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Integration of sin^2(x)

  1. Dec 25, 2009 #1
    Could somebody please check my work on the integration of [tex]sin^{2}x dx[/tex]? Thank you for your time.

    First step: Complexify the function in order to make straight integration possible

    [tex]\sin x=\frac{e^{ix}-e^{-ix}}{2i}[/tex]

    [tex]\sin^{2}x=-\frac{1}{2}-\frac{e^{2ix}+e^{-2ix}}{4}[/tex]


    Second step: Integrate the complex function

    [tex]-\frac{1}{4}\int{2+e^{2ix}+e^{-2ix} dx} = -\frac{1}{4}(2x+\frac{e^{2ix}}{2i}-\frac{e^{-2ix}}{2i}+C)[/tex]

    [tex]\mbox{However,} \frac{e^{2ix}-e^{-2ix}}{2i} = \sin(2x), \mbox{so}[/tex]
    [tex]-\frac{1}{4}(2x+\frac{e^{2ix}}{2i}-\frac{e^{-2ix}}{2i}+C) = -\frac{\frac{1}{2}\sin(2x)+x}{2}+C, \mbox{which appears to be the answer. Can it survive the derivative test?}[/tex]


    Third step: Take the derivative of [tex]-\frac{\frac{1}{2}\sin(2x)+x}{2}+C[/tex] and see if it equals [tex]\sin^{2}x[/tex]

    [tex]\frac{d}{dx}(-\frac{\frac{1}{2}\sin(2x)+x}{2}+C)=-\frac{1}{2}-\frac{1}{2}\cos(2x)=-\frac{1}{2}(1+\cos(2x))=-\cos^{2}x \mbox{, which is the answer less one.}[/tex]

    Where is the error in the above process?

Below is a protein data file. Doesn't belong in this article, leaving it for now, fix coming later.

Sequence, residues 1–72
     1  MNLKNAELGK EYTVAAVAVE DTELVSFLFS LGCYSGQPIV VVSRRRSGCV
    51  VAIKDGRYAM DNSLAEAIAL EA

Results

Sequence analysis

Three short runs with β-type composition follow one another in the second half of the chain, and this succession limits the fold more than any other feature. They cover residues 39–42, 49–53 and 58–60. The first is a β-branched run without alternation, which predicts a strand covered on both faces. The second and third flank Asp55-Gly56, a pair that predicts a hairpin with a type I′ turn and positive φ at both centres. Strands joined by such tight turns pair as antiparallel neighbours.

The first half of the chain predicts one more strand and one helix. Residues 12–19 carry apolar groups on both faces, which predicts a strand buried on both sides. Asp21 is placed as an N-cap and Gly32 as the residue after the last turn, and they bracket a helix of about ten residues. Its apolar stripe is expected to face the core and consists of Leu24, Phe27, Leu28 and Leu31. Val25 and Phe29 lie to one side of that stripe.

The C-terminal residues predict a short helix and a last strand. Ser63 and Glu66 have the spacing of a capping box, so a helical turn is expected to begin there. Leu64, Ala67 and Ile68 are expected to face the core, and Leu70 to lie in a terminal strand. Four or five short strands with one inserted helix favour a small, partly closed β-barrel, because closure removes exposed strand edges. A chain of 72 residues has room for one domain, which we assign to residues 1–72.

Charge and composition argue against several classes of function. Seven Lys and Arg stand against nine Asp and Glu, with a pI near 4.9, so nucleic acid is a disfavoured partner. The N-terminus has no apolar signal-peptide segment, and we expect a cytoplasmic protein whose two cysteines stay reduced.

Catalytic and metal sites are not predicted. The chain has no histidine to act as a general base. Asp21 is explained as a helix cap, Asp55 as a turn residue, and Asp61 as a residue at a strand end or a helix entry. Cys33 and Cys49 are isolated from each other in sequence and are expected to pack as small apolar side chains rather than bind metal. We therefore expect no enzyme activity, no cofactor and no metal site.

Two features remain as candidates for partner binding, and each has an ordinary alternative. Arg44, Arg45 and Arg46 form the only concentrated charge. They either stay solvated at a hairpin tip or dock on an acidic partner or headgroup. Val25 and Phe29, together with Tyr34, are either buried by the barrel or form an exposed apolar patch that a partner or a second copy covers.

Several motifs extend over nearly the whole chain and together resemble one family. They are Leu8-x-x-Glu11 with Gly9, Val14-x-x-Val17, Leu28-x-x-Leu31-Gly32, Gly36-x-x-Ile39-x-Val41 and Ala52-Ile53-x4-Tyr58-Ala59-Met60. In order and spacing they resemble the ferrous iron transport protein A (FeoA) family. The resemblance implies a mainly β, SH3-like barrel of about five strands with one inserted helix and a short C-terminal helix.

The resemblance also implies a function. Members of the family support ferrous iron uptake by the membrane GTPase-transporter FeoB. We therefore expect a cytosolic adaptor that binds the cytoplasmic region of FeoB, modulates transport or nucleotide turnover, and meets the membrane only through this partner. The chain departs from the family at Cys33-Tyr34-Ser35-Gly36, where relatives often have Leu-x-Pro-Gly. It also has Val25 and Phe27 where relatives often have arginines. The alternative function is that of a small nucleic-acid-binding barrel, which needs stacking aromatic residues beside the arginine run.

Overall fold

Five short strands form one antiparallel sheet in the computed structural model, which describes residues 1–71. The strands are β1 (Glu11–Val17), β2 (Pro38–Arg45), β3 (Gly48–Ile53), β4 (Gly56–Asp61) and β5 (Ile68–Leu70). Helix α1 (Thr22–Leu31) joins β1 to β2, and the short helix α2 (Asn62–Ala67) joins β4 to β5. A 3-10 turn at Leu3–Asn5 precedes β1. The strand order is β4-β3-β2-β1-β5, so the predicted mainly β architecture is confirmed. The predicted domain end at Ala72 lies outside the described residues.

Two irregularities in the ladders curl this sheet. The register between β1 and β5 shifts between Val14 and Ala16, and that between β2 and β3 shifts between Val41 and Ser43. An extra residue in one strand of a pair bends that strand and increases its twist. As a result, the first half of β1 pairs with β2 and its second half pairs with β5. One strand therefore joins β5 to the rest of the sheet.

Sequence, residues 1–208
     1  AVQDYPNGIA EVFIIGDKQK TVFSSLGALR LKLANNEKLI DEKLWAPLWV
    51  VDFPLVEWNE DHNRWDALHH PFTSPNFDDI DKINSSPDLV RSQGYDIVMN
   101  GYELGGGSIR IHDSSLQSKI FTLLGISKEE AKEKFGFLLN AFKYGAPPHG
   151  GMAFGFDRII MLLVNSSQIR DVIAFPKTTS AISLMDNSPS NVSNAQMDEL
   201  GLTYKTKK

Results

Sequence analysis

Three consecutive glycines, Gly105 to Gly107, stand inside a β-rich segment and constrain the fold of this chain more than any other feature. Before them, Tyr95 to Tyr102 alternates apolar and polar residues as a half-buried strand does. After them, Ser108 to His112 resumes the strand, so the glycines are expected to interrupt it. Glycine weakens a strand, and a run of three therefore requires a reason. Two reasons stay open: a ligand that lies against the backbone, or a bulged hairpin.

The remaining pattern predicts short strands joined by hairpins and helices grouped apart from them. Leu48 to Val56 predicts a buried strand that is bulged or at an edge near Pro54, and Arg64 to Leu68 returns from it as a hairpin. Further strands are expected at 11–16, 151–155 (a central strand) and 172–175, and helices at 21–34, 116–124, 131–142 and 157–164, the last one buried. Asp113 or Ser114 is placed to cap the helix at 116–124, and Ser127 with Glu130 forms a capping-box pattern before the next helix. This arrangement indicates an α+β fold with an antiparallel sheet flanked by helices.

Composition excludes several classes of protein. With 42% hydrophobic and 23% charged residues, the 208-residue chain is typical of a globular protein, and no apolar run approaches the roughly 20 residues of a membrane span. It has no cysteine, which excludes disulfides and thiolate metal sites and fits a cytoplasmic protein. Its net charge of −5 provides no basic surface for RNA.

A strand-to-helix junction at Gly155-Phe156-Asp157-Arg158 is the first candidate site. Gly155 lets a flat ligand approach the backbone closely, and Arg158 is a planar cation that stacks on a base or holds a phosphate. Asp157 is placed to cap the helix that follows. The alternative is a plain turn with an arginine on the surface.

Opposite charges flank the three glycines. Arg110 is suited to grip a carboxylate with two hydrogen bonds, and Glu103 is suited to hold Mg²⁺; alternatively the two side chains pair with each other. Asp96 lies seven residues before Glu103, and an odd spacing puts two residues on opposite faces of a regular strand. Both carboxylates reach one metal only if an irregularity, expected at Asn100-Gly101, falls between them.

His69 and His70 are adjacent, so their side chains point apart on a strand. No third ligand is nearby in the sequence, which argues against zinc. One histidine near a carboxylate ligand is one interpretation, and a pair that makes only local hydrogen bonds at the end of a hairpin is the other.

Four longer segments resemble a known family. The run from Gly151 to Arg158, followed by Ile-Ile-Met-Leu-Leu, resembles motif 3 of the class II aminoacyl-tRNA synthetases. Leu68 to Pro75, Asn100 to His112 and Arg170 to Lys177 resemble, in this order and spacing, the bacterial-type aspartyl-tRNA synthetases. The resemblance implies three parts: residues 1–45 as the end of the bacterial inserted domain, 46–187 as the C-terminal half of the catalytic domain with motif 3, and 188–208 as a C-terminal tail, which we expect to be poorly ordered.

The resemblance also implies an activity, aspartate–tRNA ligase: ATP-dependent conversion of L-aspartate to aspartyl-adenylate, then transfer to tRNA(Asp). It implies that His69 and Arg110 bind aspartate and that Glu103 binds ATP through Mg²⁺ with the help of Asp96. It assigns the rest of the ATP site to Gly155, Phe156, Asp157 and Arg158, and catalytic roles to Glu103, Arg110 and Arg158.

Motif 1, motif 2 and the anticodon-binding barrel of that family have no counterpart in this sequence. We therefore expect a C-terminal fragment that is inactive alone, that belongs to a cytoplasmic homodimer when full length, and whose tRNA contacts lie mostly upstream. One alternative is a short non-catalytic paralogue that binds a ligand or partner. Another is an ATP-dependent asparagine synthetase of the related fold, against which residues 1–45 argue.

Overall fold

2. jcsd
  3. Dec 25, 2009 #2
    I don't think it's that complicated. I would just use the identity [itex]\sin^2x = \frac{1}{2}(1 - \cos2x)[/itex]. that's probably what I would use if I had to reduce (& integrate) any even power of sin or cos, since [itex]\cos^2x = \frac{1}{2}(1 + \cos2x)[/itex]. look at all the other trig identities on wiki:
    http://en.wikipedia.org/wiki/Trig_identities
     
    Last edited: Dec 25, 2009
  4. Dec 25, 2009 #3

    D H

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    Check this step again. Does this agree with the identity

    [tex]\sin^2 x = \frac {1-\cos 2x}2[/tex]
     
  5. Dec 26, 2009 #4

    HallsofIvy

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    You have a sign error.
    [tex]\left(\frac{e^{ix}- e^{-ix}}{2i}\right)^2= -\frac{1}{4}\left({e^{2ix}- 2+ e^{-2ix}\right)[/tex]
    [tex]= \frac{1}{2}- \frac{e^{2ix}+ e^{-2ix}}{4}[/tex]


     
  6. Dec 26, 2009 #5
    Wow. What a simple error to overlook. So the final answer is
    [tex]-\frac{1}{4}\sin(2x)+\frac{1}{2}x+C[/tex] which does differentiate to [tex]\sin^{2}x[/tex]

    Thank you.
     
  7. Dec 27, 2009 #6
    the expansion for sin(x) which you have used is for hyperbolic function of sin(x) .
    hyperbolic function of sin(x) is sin(hx).
     
  8. Dec 27, 2009 #7

    HallsofIvy

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    No, he has used the correct formula:
    [tex]sin(x)= \frac{e^{ix}- e^{-ix}}{2i}[/tex]

    The corresponding formula for sinh(x) is
    [tex]sinh(x)= \frac{e^x- e^{-x}}{2}[/tex].
     
  9. Dec 27, 2009 #8
    can u explain the formula from where it is derived
     
  10. Dec 27, 2009 #9

    D H

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    Euler's formula,

    [tex]e^{ix} = \cos x + i\sin x[/tex]
     
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